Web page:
Pests in Gardens and Landscapes: Quick Tips

Beneficial Predators

Published   3/14

PDFSpanish version of this Pest Alert

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Encourage these natural enemies by avoiding pesticides that kill them; choosing plants that provide them pollen, nectar, and shelter; and keeping ants out of pest-infested plants. Common predators that eat garden pests are pictured below with bars showing their length.

Convergent lady beetle adults   Convergent lady beetle larvae

Convergent lady beetle adults (left) and most reddish lady beetle species prefer aphids. Their larvae (right) prefer aphids but sometimes eat whiteflies and other soft-bodied insects.

Lady beetle eggs

Lady beetle eggs are oblong, widest in their middle, usually yellowish or orange, and can be laid in groups or individually.

Syrphid fly larvae

Syrphid fly larvae eat mostly aphids but also soft-bodied mealybugs, psyllids, and whiteflies.

Green lacewing adults   Green lacewing larvae

Green lacewing adults (left) eat nectar and pollen. Some species also eat insects. Lacewing larvae (right) feed on mites, eggs, and small insects, especially aphids.

Green lacewing eggs

Green lacewing eggs are laid on slender stalks in groups (as shown here) or individually, depending on the species.

Soldier beetle adults

Soldier beetle adults eat mostly aphids. Their soil-dwelling larvae eat beetle and moth eggs and larvae.

Predaceous ground beetle adults   Predaceous ground beetle larvae

Predaceous ground beetle adults (left) stalk soil-dwelling insects, such as cutworms and root maggots. Their larvae (right) live on soil and in litter, feeding on almost any invertebrate.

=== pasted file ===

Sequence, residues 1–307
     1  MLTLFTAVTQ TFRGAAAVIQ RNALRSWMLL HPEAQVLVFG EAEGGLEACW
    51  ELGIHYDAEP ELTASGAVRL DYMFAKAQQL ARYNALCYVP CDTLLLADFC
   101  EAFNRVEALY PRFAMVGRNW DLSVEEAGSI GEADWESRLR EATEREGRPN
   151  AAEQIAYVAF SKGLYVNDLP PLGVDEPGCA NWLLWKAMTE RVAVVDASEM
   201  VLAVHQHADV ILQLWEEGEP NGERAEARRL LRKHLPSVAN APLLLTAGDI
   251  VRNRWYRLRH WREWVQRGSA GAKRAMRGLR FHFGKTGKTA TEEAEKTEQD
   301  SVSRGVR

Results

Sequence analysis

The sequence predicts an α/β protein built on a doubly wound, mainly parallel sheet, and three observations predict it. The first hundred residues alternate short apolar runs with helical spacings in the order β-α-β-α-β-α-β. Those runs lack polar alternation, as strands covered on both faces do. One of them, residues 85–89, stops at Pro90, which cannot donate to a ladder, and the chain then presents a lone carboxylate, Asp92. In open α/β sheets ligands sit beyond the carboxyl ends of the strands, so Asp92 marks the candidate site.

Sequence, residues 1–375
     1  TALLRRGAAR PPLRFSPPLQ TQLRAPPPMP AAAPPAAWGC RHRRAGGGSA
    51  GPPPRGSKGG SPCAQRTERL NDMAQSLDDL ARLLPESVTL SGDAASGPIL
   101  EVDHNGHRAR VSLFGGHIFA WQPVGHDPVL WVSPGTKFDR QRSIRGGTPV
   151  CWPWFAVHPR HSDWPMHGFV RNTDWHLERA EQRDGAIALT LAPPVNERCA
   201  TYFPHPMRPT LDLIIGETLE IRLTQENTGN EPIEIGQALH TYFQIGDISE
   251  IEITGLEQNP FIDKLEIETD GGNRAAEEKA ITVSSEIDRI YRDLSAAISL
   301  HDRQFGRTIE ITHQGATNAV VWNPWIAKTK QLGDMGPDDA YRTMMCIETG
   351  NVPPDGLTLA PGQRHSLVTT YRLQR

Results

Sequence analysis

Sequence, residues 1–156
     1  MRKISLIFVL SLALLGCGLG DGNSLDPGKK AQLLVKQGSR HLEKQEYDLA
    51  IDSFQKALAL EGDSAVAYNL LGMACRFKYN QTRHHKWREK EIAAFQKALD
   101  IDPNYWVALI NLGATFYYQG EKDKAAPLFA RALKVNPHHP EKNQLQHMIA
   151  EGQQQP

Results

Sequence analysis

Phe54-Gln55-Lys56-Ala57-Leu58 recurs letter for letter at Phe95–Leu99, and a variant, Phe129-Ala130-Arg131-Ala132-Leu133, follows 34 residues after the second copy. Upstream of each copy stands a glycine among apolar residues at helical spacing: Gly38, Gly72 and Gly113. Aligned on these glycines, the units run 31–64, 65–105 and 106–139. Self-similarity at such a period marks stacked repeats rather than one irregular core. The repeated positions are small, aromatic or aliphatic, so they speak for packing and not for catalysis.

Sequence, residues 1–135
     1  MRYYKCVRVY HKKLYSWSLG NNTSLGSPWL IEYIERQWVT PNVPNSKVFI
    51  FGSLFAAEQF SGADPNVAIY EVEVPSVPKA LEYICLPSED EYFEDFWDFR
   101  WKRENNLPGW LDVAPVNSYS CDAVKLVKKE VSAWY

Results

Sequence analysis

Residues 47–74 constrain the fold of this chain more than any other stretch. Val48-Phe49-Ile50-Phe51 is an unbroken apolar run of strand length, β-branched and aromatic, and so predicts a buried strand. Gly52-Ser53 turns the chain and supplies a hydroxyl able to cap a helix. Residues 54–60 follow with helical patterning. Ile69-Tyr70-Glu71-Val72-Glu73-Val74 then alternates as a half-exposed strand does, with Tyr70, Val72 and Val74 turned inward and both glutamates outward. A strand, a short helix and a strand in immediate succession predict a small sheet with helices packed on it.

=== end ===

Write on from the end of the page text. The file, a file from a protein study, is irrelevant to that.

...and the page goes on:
Assassin bugs attack almost any insect.

Assassin bugs attack almost any insect.

Pirate bugs

Pirate bugs attack mites and any tiny insect, especially thrips.

Western predatory mites
Western predatory mites attack pest mites.

Sixspotted thrips
Sixspotted thrips attack mostly mites.

Spiders
Spiders, including this crab spider, attack all types of insects.

Praying mantids
Praying mantids don’t control pests, because they eat both beneficials and pests.

Adults of predatory wasps

Adults of predatory wasps, such as this paper wasp, prey on caterpillars and other insects.

Syrphid fly (flower fly, hover fly) adults

Syrphid fly (flower fly, hover fly) adults eat pollen and nectar and resemble honey bees and wasps.

 

Minimize the use of pesticides that pollute our waterways. Use nonchemical alternatives or less toxic pesticide products whenever possible. Read product labels carefully and follow instructions on proper use, storage, and disposal.


Statewide IPM Program, Agriculture and Natural Resources, University of California
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